1887
Volume 18, Issue 2
  • ISSN 0155-0640
  • E-ISSN: 1833-7139
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Abstract

The following study was undertaken to further understand the effect of content knowledge on learners’ participation in interactions between non-native speakers. 120 male students, all of them Spanish, were paired to form 20 dyads whose members had equal content knowledge, but different levels in oral proficiency, 20 dyads in which fluent learners were relative content experts, and 20 dyads in which learners with limited oral skills were the experts. Measures of conversational participation included: amount of talk, conversational fillers, back channels, topic moves, clarification questions, confirmation checks, and comprehension checks. analysis of results indicated that, regardless of learners’ level of proficiency, relative content knowledge can explain different conversational patterns of participation: the relative expert producing more output (number of words), while the relative nonexpert works hard to understand the message. Findings of the study support the relationship between content knowledge and conversational participation in the context of non-native interaction.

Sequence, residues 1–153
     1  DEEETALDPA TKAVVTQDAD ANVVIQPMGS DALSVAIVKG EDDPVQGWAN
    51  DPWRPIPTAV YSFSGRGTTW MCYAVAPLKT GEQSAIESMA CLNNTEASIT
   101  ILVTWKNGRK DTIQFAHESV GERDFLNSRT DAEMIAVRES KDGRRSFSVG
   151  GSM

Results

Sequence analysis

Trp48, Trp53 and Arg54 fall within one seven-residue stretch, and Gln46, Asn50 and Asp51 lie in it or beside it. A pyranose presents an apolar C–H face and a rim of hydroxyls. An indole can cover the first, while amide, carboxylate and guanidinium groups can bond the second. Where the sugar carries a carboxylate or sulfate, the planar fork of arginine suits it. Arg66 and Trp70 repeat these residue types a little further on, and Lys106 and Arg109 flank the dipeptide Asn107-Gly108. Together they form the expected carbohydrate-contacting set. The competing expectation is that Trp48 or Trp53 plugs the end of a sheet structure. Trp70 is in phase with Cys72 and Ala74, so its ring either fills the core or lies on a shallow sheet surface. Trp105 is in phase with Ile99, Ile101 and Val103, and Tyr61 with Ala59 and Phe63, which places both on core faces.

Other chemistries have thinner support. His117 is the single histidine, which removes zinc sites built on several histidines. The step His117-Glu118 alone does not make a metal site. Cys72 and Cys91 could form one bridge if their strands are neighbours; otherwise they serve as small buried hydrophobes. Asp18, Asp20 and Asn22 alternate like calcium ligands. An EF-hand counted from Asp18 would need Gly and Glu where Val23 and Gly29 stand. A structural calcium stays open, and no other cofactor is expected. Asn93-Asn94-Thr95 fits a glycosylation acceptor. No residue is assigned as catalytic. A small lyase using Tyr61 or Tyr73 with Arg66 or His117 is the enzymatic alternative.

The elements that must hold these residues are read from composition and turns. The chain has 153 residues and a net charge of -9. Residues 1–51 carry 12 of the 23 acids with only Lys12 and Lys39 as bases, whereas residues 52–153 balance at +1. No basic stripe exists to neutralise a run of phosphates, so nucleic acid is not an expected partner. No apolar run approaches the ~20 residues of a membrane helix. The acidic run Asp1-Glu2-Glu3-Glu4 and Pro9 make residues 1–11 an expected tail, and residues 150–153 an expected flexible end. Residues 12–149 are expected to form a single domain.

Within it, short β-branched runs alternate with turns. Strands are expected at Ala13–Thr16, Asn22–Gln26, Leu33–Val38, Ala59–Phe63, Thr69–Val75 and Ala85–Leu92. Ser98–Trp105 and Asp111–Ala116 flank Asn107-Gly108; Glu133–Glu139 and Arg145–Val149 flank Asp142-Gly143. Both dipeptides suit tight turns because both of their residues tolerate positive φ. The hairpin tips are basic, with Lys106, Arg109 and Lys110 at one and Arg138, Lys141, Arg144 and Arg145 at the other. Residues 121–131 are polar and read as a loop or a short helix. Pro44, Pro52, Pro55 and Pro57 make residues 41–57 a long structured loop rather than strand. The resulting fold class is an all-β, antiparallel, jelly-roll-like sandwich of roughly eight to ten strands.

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1995-01-01
2019-10-14
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